I am obviously ill, just look at my data
I was unfortunate to have a serious injury recently. An accident on my mountain bike. I realise now that I should know better and I am badly trying to impress my kids doing things that weekend warriors should stay away from. I had ruptured a disc in my spine and the disc was pressed against a nerve right beside my spinal cord.
I am keen on sports and I work with data as part of my job, so I like to track all of my activities. I wear a Garmin watch which constantly measures my health vital statistics, like Heart Rate, Heart Rate Variability, Stress, Pulse Ox and energy availability (Garmin Body Battery), among other things. Initially, because I was not doing any sport, I was not paying attention to the data but after some time a trend became obvious.
For example, my resting heart was consistently below 50 before the accident. When you see the graph below, you won’t get a prize for working out when I was injured. My resting heart rate went to 70.
Here is my sleep score across the year:
Same with all of the other measures. All of my vital health stats changed.
I was working with a physio and doctor for my injury and mentioned that I had this data. For a lot of the health stats, Garmin say that they depend on the autonomic nervous system and I had a nerve issue. So I though it might provide some information into my condition. Both the doctor and physio said “that’s interesting isn’t it” but dismissed it quickly.
I’ve seen this problem before
I was totally confused but realised that it was not the only time I had been in this situation. In my work, I often come across professionals, of all types, who don’t care about data and reports. They seem disinterested. So I questioned the doctor and physio during my next visit and their answer was clear. “I don’t know what their algorithm is”. They understood that the graph was saying something but because they didn’t have the information behind the graph, they could not use it. Even if they used it, they could not trust it. And even if they trusted it, they usually don’t see the value. It’s the same in my job with people who don’t normally use data, don’t know what they are looking at. So they won’t use it as a trusted source of information or they don’t see the value.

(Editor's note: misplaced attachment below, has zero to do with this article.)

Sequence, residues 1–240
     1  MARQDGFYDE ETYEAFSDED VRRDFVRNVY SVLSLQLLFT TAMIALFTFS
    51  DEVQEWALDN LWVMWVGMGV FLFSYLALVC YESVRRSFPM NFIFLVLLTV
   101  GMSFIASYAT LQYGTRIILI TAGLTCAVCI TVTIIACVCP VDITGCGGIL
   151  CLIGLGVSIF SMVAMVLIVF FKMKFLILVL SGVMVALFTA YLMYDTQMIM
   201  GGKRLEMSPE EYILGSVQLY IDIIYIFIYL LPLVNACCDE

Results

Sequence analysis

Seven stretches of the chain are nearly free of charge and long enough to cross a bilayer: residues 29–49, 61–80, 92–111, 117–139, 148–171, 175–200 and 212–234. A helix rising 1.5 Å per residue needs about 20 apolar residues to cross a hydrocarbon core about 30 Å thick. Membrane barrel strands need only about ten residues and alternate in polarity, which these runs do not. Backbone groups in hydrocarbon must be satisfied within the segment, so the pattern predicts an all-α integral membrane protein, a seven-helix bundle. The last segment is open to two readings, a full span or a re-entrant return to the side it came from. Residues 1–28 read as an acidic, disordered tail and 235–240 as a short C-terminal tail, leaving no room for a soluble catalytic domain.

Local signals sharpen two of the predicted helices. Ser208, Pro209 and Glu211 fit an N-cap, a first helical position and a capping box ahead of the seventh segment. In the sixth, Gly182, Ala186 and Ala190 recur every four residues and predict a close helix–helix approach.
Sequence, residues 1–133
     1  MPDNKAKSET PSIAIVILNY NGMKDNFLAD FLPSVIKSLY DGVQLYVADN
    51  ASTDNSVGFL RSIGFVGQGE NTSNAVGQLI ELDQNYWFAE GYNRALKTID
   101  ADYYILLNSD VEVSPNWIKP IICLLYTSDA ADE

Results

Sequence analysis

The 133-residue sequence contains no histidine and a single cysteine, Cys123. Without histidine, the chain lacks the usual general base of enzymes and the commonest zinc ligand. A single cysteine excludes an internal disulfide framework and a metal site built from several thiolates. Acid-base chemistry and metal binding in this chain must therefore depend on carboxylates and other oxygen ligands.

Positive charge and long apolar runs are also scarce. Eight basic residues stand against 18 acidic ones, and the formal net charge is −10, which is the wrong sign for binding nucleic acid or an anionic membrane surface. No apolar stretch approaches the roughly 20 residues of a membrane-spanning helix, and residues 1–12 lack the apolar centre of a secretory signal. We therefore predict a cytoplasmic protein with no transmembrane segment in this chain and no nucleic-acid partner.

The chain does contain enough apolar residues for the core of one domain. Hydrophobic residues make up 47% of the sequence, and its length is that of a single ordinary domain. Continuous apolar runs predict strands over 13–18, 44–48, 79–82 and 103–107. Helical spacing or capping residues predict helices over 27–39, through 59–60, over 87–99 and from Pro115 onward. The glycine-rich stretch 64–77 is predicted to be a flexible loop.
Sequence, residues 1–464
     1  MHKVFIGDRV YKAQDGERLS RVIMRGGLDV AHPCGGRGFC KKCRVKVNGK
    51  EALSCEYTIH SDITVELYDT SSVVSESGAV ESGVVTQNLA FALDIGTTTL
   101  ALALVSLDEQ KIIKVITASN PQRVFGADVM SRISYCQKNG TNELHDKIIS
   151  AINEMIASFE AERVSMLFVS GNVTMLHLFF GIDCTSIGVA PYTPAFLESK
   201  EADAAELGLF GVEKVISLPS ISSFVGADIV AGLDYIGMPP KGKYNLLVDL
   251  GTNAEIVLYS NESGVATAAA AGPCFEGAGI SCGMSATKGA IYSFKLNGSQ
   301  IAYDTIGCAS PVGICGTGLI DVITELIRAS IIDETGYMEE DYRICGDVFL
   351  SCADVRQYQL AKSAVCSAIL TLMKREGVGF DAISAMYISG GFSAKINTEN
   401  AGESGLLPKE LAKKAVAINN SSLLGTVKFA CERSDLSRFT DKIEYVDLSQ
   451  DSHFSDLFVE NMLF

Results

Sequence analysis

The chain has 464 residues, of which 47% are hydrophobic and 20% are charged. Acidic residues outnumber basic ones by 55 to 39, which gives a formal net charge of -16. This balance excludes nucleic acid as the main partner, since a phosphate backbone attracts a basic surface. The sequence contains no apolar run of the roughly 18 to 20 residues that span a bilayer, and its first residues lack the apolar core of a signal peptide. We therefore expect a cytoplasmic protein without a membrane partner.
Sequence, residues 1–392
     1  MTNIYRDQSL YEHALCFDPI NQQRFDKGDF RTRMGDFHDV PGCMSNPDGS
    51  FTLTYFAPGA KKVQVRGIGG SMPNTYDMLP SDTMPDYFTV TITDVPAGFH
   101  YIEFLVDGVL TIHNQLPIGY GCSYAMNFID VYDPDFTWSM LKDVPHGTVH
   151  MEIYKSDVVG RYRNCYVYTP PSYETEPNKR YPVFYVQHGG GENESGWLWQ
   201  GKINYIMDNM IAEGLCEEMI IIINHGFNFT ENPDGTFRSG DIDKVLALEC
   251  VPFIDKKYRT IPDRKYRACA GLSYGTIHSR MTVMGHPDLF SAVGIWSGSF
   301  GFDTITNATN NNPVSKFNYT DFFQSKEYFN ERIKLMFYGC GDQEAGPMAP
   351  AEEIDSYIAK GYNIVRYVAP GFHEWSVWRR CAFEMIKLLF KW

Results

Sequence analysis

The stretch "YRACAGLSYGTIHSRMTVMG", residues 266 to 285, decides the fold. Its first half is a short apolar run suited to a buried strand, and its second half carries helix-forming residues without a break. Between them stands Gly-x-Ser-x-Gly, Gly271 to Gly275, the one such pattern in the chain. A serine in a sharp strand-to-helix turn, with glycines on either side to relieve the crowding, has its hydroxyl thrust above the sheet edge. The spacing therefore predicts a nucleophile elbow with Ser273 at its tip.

Can we do something better?
We need to help people trust and see the value in information. Trust is hard to win.
- Be transparent (part 1). If you are showing information to anybody, in a report or Excel, show how you derived information from that data. Show the calculation or algorithm. A lot of big organisations find this difficult and spend lots of people power solving the problem. Just look at reporting standards in the banking industry. If you do transparency well, you have an advantage over a lot of your market competitors.
- Be transparent (part 2). Not only should you show calculations and algorithms, show your data sources. Information is only as good as the under-lining data.
- Use a standard. Many organisations are trying to highlight their green and sustainable credentials. To do that, they follow a reporting standard. This provides them with the definitions and KPIs that they need to highlight how they achieve their green ways of working. Industry standards also help their credibility in the area because they are standards which are transparent, results are comparable to other results and people can easily find out more about these standards.
You might ask how that affects your smaller organisation with internal reports? Does every part of your organisation have the same definition for key terms? Do you all calculate KPI’s in the same way? Do you all have the same KPI’s? Implement a Data Governance program to help solve this problem.
- Involve the users. If the users are part of the creation and design of the solution, they will have more trust in the output and will understand the data better. They will also provide input into what the information should be telling the user, which will drive the value of the information.
- Data visualisation. How are you going to tell a story which people understand? Data Visualisation is the most under-rated skill and underrated part of the process. There are many, many books written on the topic of data visualisation and when done well, it will make a huge difference to the perceived value of the information.
So, what about my health data?
Most tech companies, like Garmin and Apple don’t follow the suggestions above. They might follow a standard for reporting data but how they come to their conclusions are far from transparent. For example, Garmin mention that some of their metrics are “provided and supported by Firstbeat® Technologies, Ltd.” without providing much more info. Even if my doctors know about Apple, they might not know Garmin, Google, etc… So my doctors are unlikely to know about all of these platforms, so will dismiss them all.